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Martin and Other Treasures at Dia: Beacon

Critics love Agnes Martin for her clarity of vision and probably for her manner, too. The singular and solitary Canadian-born painter came to prominence in New York City with people like  Jasper Johns, Ellsworth Kelly, Robert Rauschenberg in the late 1950s.

   They all lived and   worked in dodgy lofts and studios near Wall Street, convening now and then on a tenement roof, Martin in a quilted jacket she seemed to wear indoors and out, sitting a little apart from the rest.

   A few years later, Martin gave away everything she had ­— her budding acclaim, her paints, her brushes — and drove west in a pickup truck settling in New Mexico where she lived alone and sparely in an adobe house she built with her own hands.

   She did not paint for seven years. But when she set up her canvasses again, dressing them with two coats of gouache, covering the whole with a tight grid of pencil lines drawn by hand using a straightedge and then laying down horizontal bands in muted and uneven pigments against a paler ground, the critics and the collectors were ready. These powerful and meticulous paintings have been auctioned for  multi-millions of dollars.

   Dia: Beacon is exhibiting 20 of Martin’s sublime paintings. Some date back to the years when she was young and strong enough to hoist 36-square-foot canvasses so that she could paint the horizontal acrylic stripes vertically, avoiding drips. More recent paintings are just 25 square feet, still large enough, as she said, for a viewer  “to step into.â€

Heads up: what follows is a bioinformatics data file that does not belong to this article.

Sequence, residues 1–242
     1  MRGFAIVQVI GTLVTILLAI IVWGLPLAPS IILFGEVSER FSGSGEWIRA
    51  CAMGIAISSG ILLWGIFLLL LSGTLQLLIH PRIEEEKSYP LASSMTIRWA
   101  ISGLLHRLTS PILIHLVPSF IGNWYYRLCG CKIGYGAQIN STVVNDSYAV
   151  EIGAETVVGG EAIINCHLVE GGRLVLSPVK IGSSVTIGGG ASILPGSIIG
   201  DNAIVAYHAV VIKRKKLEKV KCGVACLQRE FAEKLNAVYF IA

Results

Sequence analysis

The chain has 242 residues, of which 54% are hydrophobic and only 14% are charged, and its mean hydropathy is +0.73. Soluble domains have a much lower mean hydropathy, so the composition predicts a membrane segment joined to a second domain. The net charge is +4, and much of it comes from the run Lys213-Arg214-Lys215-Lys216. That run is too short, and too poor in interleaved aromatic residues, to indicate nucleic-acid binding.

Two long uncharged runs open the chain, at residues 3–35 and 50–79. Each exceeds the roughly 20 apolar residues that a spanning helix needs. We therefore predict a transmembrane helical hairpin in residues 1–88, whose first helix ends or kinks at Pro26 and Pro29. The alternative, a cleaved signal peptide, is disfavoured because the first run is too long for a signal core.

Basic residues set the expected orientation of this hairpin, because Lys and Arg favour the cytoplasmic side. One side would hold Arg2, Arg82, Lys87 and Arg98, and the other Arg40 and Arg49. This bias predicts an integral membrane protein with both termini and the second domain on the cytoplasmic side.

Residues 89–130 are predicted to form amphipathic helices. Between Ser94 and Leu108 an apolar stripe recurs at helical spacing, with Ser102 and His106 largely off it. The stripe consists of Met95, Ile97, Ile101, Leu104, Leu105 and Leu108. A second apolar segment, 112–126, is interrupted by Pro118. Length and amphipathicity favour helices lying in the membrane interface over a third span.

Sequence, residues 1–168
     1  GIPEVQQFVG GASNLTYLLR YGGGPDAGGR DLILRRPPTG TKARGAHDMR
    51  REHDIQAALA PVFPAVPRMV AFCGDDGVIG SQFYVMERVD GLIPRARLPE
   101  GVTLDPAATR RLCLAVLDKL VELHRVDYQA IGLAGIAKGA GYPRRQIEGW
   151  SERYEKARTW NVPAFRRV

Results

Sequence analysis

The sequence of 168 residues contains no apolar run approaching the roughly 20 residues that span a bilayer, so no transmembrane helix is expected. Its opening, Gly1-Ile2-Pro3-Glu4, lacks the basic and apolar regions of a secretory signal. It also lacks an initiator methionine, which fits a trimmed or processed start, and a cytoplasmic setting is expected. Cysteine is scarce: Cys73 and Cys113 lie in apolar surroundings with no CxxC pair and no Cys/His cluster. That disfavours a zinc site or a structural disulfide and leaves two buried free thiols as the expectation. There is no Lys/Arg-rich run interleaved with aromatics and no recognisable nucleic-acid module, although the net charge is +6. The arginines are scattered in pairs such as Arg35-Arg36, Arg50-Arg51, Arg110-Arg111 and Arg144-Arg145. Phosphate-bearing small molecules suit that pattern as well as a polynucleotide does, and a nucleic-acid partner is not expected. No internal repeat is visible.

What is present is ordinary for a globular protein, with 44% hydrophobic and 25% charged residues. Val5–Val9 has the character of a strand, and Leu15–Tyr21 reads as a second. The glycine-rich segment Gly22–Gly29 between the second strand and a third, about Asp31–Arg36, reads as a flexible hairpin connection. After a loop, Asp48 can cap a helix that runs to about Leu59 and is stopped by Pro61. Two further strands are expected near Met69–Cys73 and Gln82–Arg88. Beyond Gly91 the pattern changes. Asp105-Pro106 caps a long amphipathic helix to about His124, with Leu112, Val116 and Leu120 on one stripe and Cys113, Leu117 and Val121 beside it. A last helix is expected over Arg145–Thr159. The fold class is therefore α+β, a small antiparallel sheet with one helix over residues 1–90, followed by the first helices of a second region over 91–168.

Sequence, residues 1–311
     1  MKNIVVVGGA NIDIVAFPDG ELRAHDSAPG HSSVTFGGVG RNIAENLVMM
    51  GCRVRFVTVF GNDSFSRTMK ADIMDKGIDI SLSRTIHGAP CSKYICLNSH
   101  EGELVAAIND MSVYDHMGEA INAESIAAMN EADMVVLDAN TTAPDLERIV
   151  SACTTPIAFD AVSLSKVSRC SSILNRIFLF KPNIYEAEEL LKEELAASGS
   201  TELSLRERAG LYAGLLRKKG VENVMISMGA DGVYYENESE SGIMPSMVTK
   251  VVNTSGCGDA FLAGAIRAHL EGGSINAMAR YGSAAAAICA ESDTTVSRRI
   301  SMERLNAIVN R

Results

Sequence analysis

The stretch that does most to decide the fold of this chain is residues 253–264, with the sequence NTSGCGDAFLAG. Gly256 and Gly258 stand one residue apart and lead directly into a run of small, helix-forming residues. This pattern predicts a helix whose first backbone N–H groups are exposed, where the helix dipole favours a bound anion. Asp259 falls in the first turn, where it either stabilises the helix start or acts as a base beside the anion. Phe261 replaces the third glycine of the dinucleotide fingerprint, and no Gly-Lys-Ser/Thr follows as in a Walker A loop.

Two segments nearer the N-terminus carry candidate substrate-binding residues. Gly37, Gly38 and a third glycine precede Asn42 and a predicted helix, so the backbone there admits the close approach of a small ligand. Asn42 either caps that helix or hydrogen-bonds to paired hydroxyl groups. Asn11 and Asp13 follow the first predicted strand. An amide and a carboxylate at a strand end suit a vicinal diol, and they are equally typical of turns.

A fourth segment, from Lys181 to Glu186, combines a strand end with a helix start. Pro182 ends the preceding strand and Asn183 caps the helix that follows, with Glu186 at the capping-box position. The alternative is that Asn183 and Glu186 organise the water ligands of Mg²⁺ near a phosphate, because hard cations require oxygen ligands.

She spent the rest of her life alone, reading no newspapers, watching no TV,  rejecting such theories as evolution and atomic energy, and painting every morning, finally in a retirement home in New Mexico. Her only extravagance was a white Mercedes. Otherwise, she lived simply, waiting for inspiration and trying not to get in its way. She died in 2004 at age 92.   

Dia: Beacon’s Riggio Galleries are at 3 Beekman St., Beacon, NY. The museum, once a Nabisco box-making factory with white walls and silvery natural light, houses works by Michael Heizer, Andy Warhol, Blinky Palermo, On Kawara, Sol LeWitt, Richard Serra and others. To see Heizer’s enormous craters, call the museum at 845-440-0100 to join a small escorted group circling the scary and compelling excavations in the museum floor. For information, go to  www.diaart.org.

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